With Utah’s housing market booming, finding a place to live can be tricky. Amy Rupp, an agent with Youngblood Real Estate in Logan, said it’s definitely a seller’s market.
“Even in the last six months,” she said, “we are very low as far as inventory goes for houses. It’s probably the lowest it’s been in over 15 years.”
Approaching summer 2016, Rupp said there were approximately 340 houses on the market in Cache Valley. Today, Broker Jette Youngblood said there are 202.
In her 12 years in the industry, Rupp hasn’t seen anything like it. With multiple buyers for every home, people are getting “top dollar for their houses,” she said.
“What we’ve kind of experienced is that a lot of people have been concerned because we’re in a balloon right now. Will there be a housing crash?”
Rupp doesn’t think so. With the mortgage, lending and financial industries being so solid, Rupp said there’s nothing to be concerned about.
“Cache Valley’s just appreciating and the market’s appreciating,” she explained. “There’s a lot of growth here in Utah and especially in Cache Valley, and that’s kind of what the market’s doing.”
Rupp suggests that buyers who are discouraged with the market consider working closely with a real estate agent. She said agents often become aware of houses that will soon be available before they’re listed, and being in the know can benefit house hunters. Rupp also said new construction might be a good option for buyers who are discouraged by the lack of existing homes. Sometimes, she noted, people just have to wait it out.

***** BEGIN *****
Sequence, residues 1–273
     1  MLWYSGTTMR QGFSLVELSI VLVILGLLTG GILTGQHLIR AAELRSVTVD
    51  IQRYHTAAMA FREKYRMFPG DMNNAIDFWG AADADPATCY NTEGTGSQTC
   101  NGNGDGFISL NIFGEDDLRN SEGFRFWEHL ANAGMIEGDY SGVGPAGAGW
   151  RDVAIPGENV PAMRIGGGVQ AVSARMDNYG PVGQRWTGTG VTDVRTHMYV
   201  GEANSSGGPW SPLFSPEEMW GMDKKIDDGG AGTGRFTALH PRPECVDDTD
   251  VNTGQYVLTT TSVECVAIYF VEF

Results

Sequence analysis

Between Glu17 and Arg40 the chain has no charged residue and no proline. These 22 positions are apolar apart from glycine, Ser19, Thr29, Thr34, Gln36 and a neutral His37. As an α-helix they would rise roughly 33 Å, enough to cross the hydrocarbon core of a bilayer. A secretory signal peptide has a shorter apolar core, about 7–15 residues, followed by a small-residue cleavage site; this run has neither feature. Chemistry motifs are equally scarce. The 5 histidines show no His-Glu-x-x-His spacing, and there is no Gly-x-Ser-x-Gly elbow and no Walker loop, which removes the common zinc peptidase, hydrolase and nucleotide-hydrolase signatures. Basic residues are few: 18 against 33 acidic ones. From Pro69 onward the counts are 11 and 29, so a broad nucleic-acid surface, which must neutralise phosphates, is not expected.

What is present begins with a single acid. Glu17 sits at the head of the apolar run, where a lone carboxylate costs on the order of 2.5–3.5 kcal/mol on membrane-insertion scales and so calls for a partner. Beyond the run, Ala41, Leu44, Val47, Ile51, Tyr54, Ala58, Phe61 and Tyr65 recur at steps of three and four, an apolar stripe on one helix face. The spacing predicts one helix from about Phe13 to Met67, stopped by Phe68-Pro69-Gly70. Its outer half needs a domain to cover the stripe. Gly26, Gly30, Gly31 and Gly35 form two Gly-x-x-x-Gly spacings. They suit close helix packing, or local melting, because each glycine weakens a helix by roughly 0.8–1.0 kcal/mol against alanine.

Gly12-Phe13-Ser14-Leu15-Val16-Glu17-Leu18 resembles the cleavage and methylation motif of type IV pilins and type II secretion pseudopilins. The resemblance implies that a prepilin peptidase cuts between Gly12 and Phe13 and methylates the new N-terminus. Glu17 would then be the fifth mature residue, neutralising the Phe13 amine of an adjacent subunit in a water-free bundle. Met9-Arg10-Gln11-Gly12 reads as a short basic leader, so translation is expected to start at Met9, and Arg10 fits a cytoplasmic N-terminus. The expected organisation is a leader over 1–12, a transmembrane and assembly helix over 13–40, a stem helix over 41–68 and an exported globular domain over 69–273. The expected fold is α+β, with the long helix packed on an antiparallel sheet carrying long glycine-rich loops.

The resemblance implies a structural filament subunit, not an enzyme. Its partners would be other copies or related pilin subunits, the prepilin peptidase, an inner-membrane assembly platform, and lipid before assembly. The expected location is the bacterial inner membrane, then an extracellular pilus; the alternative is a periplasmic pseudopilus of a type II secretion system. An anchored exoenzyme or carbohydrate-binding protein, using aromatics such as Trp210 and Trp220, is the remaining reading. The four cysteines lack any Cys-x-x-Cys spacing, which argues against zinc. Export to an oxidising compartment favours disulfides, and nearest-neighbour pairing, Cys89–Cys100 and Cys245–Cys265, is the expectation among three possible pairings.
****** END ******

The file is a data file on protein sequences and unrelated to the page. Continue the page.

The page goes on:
According to a 2016 study conducted by Jim Wood, Ivory-Boyer senior fellow at the Kem C. Gardner Institute at the University of Utah, the five-year period between 2010 and 2015 is the first time since the 1970s that Utah had a negative housing inventory. During that period, Wood’s research indicated an increase of 109,321 households, with the addition of only 81,656 housing units. This signifies a difference of negative 34.3 percent.
The housing crunch Wood describes is also reflected in the rental market. Brandon McGary, office manager of Real Property Management in Providence, said he’s definitely seen an uptick in rental traffic as demand for housing in Cache Valley grows. Noting seasonal ebbs and flows in the market, McGary said inventory is always in flux. However, the current <a href=”http://hosted.ap.org/dynamic/stories/U/US_HOMEBUYING_SEASON_SHORTAGE_OF_HOUSES?SITE=AP&SECTION=HOME&TEMPLATE=DEFAULT&CTIME=2017-04-10-03-01-34″ target=”_blank”>housing shortage</a> is being reflected across the board.
“We have tenants who are more cautious about moving and might hold on to a place longer than they’d planned because they are concerned about being able to find something else,” he said. “There’s definitely fantastic growth in the valley in general, and we’re certainly seeing it here.”
Norma Aldrich, a property manager in McGary’s office, said another factor creating higher demand is that many USU students, who in the past may have moved away for the summer, are getting summer jobs and staying in the valley. McGary advises individuals and families who are looking for rental properties to develop a relationship with a property management company. Like Rupp, he said industry professionals are often privy to information about inventory that hasn’t yet been publicly shared.
“It can change day to day,” he said, “and as soon as something new comes on, there’s an immediate response wherever we may be advertising.”
Whatever the condition of the market, McGary said he and Aldrich work hard to help anyone who’s looking for a place to call home discover the options available.
“Sometimes,” he said, “whether you’re look to rent or buy, the best thing to do is just drive around. You never know when someone’s going to put out a sign.”
NOTE: This story has been updated to reflect a clarification in the number of homes currently on the market in Cache Valley.